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Lone operators, not criminal gangs, dominate people smuggling from Africa - study

by Karla Mendes | @karlamendes | Thomson Reuters Foundation
Monday, 22 January 2018 00:00 GMT

Migrants sit at a naval base after they were brought back by Libyan coast guards in Tripoli, Libya January 7, 2018. REUTERS/Hani Amara

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"This is a far cry from how Mafia-like organisations operate" - criminologist

By Karla Mendes

LONDON, Jan 22 (Thomson Reuters Foundation) - Human smuggling often conjures up images of shady networks run by organised crime gangs, but new research reveals that independent operators rather than criminal kingpins control routes that bring migrants into Europe from Africa.

More than 600,000 migrants have reached Italy, mostly from Libya, since 2014. More than 20,000 are estimated to have died attempting the crossing in the past four years, making it the deadliest border for migrants in the world.

Many entrusted their lives to smugglers who charge exorbitant prices to help them reach Europe.

"The smuggling ring moving migrants from the Horn of Africa to Northern Europe via Libya does not appear to have the thread of any single organisation running through it," said Paolo Campana of Cambridge University's Institute of Criminology, author of a study on the smuggling published on Monday.

"This is a far cry from how Mafia-like organisations operate, and a major departure from media reports claiming that shadowy kingpins monopolise certain routes."

The study examined the findings of an 18-month investigation by Italian prosecutors into the 2013 migrant shipwreck off the coast of the Italian island of Lampedusa, in which more than 360 migrants died, most of them from Eritrea and Somalia.

While conducting his research, Campana also analysed wiretapped telephone conversations, testimonies, interviews with police task force members, and smugglers' backgrounds.

Libya, where rival governments and armed factions are vying for power, is the most common departure point for migrants trying to reach Europe from Africa by sea.

Campana said the people smuggling was not an organised operation with "independent and autonomous" smugglers at each stage. Successful smugglers need to build a good reputation among migrants in order to attract customers, he said.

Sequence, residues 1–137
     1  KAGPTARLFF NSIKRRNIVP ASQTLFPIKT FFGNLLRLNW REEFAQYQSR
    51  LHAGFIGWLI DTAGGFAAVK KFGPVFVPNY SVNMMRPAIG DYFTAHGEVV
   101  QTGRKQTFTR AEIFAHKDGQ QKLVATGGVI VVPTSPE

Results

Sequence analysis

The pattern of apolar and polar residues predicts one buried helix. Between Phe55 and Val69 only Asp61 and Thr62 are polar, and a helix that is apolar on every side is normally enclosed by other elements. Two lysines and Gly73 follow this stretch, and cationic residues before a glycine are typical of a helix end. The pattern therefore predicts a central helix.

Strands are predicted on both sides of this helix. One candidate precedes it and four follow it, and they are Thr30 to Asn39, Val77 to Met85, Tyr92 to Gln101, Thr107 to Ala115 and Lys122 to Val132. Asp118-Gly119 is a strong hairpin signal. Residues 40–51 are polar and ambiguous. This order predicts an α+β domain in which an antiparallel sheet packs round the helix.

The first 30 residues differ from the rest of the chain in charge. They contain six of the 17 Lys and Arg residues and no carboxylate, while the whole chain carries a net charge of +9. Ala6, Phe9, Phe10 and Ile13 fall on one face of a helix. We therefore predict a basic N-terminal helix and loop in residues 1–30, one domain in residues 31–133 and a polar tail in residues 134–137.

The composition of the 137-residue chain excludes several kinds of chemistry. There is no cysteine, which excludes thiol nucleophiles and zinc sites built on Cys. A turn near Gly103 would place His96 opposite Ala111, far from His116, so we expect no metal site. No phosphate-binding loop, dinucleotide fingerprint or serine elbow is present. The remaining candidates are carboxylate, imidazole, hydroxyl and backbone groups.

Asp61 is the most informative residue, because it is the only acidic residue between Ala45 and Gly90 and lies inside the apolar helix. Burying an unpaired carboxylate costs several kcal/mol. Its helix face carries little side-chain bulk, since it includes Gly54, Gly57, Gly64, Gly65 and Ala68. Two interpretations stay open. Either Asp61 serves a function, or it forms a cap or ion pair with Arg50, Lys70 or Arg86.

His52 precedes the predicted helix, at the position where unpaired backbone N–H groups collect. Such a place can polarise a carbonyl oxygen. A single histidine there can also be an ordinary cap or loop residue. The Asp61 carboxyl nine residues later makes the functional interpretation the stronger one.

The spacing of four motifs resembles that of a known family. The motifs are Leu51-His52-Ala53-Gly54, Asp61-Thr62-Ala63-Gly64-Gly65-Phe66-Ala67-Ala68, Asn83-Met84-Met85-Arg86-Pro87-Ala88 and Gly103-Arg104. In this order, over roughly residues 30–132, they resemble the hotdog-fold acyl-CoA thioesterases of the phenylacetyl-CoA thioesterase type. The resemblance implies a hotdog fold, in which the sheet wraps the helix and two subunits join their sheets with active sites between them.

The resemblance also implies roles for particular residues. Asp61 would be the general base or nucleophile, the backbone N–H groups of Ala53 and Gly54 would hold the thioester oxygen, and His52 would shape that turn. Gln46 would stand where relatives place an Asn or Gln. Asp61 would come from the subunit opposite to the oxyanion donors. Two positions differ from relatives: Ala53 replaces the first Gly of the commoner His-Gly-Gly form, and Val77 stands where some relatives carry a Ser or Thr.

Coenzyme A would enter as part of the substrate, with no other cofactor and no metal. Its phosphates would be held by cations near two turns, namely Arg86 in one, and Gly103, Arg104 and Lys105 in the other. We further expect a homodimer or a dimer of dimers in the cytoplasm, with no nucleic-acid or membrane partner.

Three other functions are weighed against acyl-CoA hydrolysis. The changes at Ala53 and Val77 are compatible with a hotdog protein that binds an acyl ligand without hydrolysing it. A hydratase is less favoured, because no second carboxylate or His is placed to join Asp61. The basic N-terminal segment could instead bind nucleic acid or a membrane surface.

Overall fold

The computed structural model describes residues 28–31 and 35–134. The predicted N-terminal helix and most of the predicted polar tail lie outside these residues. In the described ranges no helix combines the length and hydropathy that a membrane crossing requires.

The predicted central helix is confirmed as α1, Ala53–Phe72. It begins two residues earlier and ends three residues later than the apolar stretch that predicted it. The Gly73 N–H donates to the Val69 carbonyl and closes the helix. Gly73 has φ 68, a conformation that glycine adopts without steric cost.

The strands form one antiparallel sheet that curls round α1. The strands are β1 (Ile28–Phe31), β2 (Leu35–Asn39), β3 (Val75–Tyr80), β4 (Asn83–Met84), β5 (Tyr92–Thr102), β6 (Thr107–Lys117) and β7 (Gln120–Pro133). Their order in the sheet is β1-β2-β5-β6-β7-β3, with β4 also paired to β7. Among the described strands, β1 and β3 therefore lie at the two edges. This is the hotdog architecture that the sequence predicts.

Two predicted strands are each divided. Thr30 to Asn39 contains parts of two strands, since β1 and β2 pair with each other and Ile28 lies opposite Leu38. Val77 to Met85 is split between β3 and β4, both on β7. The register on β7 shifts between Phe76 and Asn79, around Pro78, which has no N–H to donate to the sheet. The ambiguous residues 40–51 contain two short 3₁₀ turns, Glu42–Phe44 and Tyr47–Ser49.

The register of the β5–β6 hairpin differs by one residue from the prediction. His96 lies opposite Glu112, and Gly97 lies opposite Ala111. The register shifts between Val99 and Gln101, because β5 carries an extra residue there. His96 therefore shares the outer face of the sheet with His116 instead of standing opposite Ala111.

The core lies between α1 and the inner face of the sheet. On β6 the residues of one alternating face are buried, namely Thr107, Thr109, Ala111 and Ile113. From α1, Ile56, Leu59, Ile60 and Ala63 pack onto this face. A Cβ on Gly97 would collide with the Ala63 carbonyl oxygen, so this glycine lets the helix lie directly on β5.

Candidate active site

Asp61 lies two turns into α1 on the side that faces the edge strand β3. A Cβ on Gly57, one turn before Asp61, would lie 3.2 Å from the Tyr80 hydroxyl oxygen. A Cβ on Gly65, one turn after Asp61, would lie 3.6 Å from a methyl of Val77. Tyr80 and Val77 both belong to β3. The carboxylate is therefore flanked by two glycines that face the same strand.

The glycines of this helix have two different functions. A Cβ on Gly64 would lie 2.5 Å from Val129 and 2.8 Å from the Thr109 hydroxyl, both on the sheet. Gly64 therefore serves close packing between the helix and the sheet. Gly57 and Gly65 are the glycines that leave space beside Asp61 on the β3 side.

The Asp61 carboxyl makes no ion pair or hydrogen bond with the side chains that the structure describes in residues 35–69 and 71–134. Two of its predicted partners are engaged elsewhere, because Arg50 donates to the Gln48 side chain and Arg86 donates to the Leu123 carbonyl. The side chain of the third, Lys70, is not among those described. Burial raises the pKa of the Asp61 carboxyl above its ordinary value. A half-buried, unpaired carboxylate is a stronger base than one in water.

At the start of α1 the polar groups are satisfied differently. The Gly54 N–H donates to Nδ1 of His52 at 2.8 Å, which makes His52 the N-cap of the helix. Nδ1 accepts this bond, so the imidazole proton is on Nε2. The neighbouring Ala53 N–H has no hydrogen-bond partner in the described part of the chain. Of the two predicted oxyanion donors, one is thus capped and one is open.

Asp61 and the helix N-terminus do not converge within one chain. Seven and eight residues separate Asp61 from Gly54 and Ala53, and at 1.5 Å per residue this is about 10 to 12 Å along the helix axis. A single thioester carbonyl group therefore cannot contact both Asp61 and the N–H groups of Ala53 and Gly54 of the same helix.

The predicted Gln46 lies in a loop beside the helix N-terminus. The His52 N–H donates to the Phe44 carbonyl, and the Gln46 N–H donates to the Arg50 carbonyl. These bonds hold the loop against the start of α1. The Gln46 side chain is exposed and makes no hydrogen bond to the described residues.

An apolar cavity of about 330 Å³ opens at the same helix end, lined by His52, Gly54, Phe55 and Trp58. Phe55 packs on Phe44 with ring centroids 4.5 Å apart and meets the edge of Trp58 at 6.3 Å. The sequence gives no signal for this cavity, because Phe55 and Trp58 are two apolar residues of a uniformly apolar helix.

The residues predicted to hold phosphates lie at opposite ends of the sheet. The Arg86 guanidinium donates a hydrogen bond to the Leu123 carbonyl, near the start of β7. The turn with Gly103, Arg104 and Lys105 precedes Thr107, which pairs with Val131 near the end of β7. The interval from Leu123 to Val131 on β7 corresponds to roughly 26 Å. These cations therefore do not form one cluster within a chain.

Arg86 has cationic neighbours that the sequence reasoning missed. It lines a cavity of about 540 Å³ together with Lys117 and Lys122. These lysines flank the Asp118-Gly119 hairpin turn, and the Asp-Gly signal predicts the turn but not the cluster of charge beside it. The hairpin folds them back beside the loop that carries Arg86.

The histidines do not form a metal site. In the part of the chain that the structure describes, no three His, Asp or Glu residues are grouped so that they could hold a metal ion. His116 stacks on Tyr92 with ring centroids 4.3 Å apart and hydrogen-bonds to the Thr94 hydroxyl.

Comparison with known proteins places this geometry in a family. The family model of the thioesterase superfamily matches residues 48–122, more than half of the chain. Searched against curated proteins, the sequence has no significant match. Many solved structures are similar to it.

"Reputation is crucial in a competitive market, and the wiretaps show how much value smugglers place on their reputation," Campana said in a statement.

The smuggling and trafficking of people are often conflated, but a key difference is that traffickers transport people for the purposes of exploitation, such as forced labour and forced marriage.

Campana said prosecutors had found no evidence of any involvement from the infamous Sicilian mafia in the Lampedusa disaster, despite Sicily being a key stage in the smuggling route. Instead, 292 people from several countries were found to be tied to the Lampedusa smuggling ring.

The network extended to Dubai, Israel, Canada, Turkey, Germany and the UK, and included those who kidnap for ransom in the deserts of Libya to Tripoli militiamen who take bribes to let migrants out of detention centres.

Europol, Europe's police agency, said people-smuggling generated up to $6 billion in 2015, but profits dropped by about a third in 2016 after an EU deal with Turkey, a key jumping off point for those trying to reach Europe - cut the migration flow.

(Reporting by Karla Mendes; Editing by Jared Ferrie and Ros Russell; Please credit the Thomson Reuters Foundation, the charitable arm of Thomson Reuters, that covers humanitarian news, women's rights, trafficking, property rights, climate change and resilience. Visit http://news.trust.org to see more stories.)

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